The only criticisms would be the camera angle on that last ollie, which just seemed so much more monumental on the Thrasher cover, the video being titled “Mason” (which utilizes a titling concept that should’ve been retired with Dylan), and the song selection. I could see where some folks might like the Roxy Music track, but I feel like Mason’s skating is strictly hardcore.

Zion Wright – Jupiter Rising & Real Part

It’s the day before Thanksgiving and Zion Wright just released his second full part of the year earlier today on Thrasher’s website. Real Skateboard‘s Skater of the Year intentions are loud and clear. So let’s not waste another moment and dive right into Jupiter Rising while revisiting his Real part from June and see how his candidacy stacks up.

[youtube https://www.youtube.com/watch?v=VkRLAwLGRY0]

First off, don’t be fooled by that 8:54 running time. There are 3 minutes of credits featuring a photographic retrospective of the part you just watched and what could easily be interpreted as an acceptance speech. Still, 5 minutes of skating is damn impressive and even with all the high fives and roll away footage, it’s pretty cram-jam with skateboarding stunts.

It is quite a compliment to Zion that such advanced handrail tricks as backside 360 ollie to frontside boardslide or kickflip frontside 50-50s or long tall overcrooks have been denigrated to “stock” status. But, alas, here we are and here are tricks we’ve seen in a part just five months ago (and also on King of the Road) and I find myself craving just one goddamn manual. Would it kill you to skate a ledge or do a wallie or something.

With that in mind, the bowl footage we get stands out as some of the strongest arguments in favor of Zion’s SOTY aspirations. Aired McTwists and kickflip Indy grabs gives some much needed depth to the part. The last two SOTYs were awarded to rail jockeys (one of which also rode for Real). So with just a few choice filming missions, Zion could easily recategorize himself into the ATV slot. It would give him a boost above the current crop of Tyson Petersons, Ducky Kovakses, and countless other round rail pinchers and carcass tossers numbing up the feed these days.

Half-cabbing into these things is still next level, though.

Jupiter Rising has to be digested in tandem with the bafflingly titled “Real” part from June. I actually prefer the “Real” (I’m already annoyed at having to put the title in quotes to distinguish it from other parts he may produce with his board sponsor, Real) part. But, really, the parts are just so similar.

[youtube https://www.youtube.com/watch?v=ssKDxKWRY-8]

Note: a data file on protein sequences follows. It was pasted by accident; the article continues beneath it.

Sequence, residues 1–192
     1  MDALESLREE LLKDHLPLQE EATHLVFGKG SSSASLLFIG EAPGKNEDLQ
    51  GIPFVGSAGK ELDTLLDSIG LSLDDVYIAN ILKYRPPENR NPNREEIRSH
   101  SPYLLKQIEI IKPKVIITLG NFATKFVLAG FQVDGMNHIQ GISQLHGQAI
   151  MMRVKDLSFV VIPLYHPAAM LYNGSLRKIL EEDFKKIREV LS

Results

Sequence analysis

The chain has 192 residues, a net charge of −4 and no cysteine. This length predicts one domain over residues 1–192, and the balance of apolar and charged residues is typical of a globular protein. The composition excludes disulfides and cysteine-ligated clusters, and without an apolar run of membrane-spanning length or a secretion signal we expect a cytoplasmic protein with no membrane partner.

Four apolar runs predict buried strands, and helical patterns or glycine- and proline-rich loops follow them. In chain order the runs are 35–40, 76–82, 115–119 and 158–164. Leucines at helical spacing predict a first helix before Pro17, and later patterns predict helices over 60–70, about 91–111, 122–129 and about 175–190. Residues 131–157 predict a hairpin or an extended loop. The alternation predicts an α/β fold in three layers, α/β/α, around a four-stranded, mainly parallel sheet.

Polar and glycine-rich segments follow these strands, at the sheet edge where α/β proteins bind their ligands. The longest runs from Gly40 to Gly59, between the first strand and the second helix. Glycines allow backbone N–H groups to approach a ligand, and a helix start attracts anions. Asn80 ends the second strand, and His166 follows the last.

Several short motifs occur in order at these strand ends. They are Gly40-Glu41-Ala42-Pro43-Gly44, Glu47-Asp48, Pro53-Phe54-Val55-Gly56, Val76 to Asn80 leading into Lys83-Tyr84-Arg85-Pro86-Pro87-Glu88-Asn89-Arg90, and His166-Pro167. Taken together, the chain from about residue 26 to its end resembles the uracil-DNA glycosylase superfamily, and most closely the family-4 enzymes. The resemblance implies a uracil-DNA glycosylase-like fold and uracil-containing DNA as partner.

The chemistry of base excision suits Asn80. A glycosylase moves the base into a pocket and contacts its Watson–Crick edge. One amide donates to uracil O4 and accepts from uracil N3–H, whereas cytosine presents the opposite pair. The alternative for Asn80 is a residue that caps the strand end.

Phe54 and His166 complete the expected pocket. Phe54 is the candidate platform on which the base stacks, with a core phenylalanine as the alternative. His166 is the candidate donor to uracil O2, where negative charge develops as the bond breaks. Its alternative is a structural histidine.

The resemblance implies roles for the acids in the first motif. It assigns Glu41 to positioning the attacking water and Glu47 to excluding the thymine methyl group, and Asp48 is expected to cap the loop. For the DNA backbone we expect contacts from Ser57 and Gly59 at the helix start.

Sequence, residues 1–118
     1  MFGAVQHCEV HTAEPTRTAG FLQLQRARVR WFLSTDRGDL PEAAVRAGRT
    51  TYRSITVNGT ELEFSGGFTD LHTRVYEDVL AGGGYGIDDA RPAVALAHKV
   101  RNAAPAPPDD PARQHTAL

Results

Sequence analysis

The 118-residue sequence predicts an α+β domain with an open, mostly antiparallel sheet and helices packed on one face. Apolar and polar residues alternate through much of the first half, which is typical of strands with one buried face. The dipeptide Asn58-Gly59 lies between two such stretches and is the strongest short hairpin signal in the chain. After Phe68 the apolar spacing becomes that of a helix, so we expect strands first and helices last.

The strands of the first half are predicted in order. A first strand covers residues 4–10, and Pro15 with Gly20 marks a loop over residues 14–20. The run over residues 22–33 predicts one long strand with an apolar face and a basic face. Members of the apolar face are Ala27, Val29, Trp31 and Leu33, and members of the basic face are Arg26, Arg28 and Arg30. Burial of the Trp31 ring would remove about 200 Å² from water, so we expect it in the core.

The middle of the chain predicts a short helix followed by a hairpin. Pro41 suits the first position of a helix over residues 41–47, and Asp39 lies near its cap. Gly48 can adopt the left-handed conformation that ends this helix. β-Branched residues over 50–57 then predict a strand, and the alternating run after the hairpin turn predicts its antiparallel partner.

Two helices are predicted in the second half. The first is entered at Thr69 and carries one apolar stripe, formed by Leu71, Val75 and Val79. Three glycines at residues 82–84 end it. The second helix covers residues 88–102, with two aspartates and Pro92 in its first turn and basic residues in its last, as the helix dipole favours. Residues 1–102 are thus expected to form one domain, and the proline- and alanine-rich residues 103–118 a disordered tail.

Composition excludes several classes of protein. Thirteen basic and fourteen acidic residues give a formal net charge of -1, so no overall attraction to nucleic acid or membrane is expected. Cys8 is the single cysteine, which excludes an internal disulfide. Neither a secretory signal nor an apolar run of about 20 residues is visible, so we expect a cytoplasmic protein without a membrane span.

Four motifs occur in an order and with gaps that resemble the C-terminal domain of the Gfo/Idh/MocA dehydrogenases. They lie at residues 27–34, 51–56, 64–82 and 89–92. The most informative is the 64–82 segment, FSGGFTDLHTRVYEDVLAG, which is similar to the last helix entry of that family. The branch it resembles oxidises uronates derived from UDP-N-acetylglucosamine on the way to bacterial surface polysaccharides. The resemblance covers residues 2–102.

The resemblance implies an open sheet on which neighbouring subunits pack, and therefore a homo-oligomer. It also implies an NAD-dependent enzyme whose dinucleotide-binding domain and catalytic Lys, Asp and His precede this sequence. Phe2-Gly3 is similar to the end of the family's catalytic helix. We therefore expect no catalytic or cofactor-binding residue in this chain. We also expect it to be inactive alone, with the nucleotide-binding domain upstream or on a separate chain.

Would one 12 minute part have been better? I would argue that it is wiser in this day and age for footage stacking skateboarders in their prime to break apart lengthy, multi-song parts into several digestible nuggets, and then release all but one of them at the end of the year.

Joey Bast – Real Non-Fiction – 1997

[youtube https://www.youtube.com/watch?v=6Z7E-sr0lv8?rel=0]
Joey Bast‘s quick part in the middle of Real’s Non-Fiction video paints a sweet portrait of mid-90s San Francisco skateboarding. The EMB/Union Square days were essentially over but the city still had lots of classic terrain available.The mass produced ‘skatestopper’ had yet to be marketed, the routineness of security guard encounters coupled with the plethora downtown spots made easy pickings for a skater with the obvious natural talent and baked-in pop of amateur Joey Bast. Thus, about half the tricks being filmed on the same day.

From an older Bobshirt interview: “I was kind of a procrastinator. When it came to filming I would always put it off, so in total I filmed for maybe two weeks. Real did set a deadline and I realized that I didn’t have enough footage, so all the footage where I’m wearing that stripped shirt was the last day of filming.”

Sitting amongst a legendary roster featuring prime Huf, laidback style king Drake Jones, barrier breaker Jamie Reyes, the Cardona twins, and the fucking Gonz, it would be easy to glaze over Joey Bast’s 90 seconds. He was dropped from the team not long after (or perhaps even before) the video was released, and other than a Planet Earth part and some 411 clips, that was all he had to give. Which is a shame, because the kid had a lot of loft in his tricks and some serious ambidexterity combined with the willpower to not film all his tricks at the trendiest bust-free SF street locale of the era, Pier 7.

So take a quick moment and appreciate a forgotten part that is as refreshing as a misty breath of fresh air before an elevated pop shove it.